The Hard Truth on Soft Credits
I’ve always had a soft spot for soft credits. Soft credits are a truly powerful way to uncover fundraising insights that otherwise go unnoticed.
Take this scenario for example–you have a donor who makes a $50 per month sustaining gift. This donor may never show up on your “mid-level” or “major donor” dashboard. At the same time, she may hold fundraisers at her home, or take part in a giving circle that influenced hundreds of thousands of dollars in gifts. Surely, that’s a constituent you want to have a specific conversation with, send a mail piece to, or invite to a certain event and have seated amongst other major donors.
Different Options for Different Nonprofits
Having worked with hundreds of nonprofits over the years, I’ve seen the use of soft credits vary. Many organizations use them in a very limited way. For example, when a third party issues a check for a Donor Advised Fund, the donor receives a soft credit. For tax purposes, the payer or the Fund receives the hard credit.
Other organizations extend the use of soft credits to recognize those who might influence a gift. An influencer could be a board member, an event host, or a peer-to-peer fundraiser. As we often see in Higher Education fundraising, auto-soft-credits can be sent to a designee (like a spouse) when a constituent makes a gift.
Giving Soft Credit Where Credit Is Due?
In contrast to organizations that judiciously apply soft credits, some organizations assign soft credit with reckless abandon. Each time a gift is made, everyone in that donor’s circle gets credited.
At the opposite end of the spectrum, there are nonprofits who are completely unfamiliar with soft credits. These organizations either don’t use them, or think that storing a separate set of figures and rollups is too cumbersome. Frankly, most nonprofits have enough trouble tracking the hard credits! However, I would challenge organizations that are not using soft credits to reconsider their position.
Make Soft Credits Work For You
Although there’s no “right or wrong” when it comes to soft credits, I’ve seen organizations where they have proven to be a game changer in fundraising results. Granted, I have also seen the contrary, where implementation of soft crediting policies became a colossal waste of time. Here are some recommendations to make soft credits a meaningful measure for your organization:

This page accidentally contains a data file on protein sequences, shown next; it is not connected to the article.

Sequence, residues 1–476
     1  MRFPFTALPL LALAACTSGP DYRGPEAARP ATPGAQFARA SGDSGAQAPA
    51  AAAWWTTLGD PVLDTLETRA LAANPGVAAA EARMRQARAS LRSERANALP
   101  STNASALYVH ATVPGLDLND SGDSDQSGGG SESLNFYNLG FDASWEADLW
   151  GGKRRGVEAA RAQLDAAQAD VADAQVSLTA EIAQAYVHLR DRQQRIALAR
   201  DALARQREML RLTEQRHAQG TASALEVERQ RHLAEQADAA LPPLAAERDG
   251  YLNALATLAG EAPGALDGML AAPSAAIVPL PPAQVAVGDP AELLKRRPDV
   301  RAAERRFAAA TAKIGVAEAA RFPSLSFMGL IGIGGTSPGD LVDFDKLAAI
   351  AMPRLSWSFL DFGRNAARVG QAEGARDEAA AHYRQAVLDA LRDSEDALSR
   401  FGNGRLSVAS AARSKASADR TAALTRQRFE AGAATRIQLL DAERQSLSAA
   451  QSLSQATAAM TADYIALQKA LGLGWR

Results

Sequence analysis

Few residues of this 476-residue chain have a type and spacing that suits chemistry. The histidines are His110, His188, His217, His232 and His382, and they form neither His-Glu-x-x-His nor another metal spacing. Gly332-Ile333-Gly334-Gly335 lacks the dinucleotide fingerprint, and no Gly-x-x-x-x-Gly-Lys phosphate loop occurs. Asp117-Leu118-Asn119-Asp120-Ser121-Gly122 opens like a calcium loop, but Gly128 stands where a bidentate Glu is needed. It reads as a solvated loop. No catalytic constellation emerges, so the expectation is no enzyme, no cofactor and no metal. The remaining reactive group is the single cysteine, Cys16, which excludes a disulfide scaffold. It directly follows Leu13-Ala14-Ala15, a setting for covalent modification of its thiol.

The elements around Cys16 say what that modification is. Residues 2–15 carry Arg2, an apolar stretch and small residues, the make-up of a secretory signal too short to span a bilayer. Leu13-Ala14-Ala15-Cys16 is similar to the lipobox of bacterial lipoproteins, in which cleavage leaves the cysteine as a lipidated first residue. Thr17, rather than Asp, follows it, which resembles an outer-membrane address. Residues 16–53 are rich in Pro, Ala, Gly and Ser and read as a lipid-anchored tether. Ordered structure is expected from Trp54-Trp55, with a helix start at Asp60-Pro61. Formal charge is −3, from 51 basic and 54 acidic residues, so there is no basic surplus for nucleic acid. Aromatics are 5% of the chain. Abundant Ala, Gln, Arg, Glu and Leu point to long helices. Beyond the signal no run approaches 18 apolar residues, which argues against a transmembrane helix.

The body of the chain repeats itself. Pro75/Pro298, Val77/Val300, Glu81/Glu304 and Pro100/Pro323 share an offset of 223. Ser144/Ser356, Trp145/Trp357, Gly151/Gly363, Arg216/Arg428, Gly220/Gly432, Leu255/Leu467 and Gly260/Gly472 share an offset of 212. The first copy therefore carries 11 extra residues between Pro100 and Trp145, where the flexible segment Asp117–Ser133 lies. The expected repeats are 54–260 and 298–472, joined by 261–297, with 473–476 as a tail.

1. Determine an organization-wide strategy for soft-credits.
What exactly are you hoping to achieve with your soft credit data? Will it help serve a tax reporting purpose? Is it an indicator for your org’s key influencers? The answers to these questions will drive how you capture soft credit data in your CRM. Once your org know your goals, soft crediting must be applied consistently across the organization. If Donor Services is tracking soft credits one way, but Philanthropy is tracking them in another, it will be hard to make sense of any organization-wide reporting.
2. Make sure it all adds up.
While there is debate on this topic, roundCorner experts recommend that soft credits on a gift do not exceed 100% of the gift amount. At times, there may be an inclination to soft credit multiple people with the full value of a gift. Nevertheless, having a $2,000 soft credit value for a $100 gift lessens the impact of what a soft credit tells us.
Likewise, tracking the “value” of volunteer hours is a great metric, but generally, organizations should not attribute soft credit dollar amounts to volunteer hours. Without doubt, this practice artificially inflates the value of the soft credit, giving it little institutional value or meaning. Alternatively, roundCorner recommends tracking volunteer hours separate from soft credits. To illustrate, one practice is to capture volunteer hours as part of a broader calculation or algorithm that comprises a constituent score.
3. Use the Data!
Now that your organization is tracking soft credits, don’t let that valuable data go to waste! Build reports and dashboards off of soft credits with the same diligence and rigor you would with hard credits. In addition, consider direct mail or digital campaigns geared specifically to the large soft credit donors. Even further, invite these donors to events typically catered to major giving prospects.
Although their lifetime giving may not show it, donors who have healthy soft credit totals are big fans of your work. Not only do they give to your organization, but they encourage others to do the same. By making soft credits a priority, your organization can recognize these influential donors, and let them know that their loyalty is not taken for granted.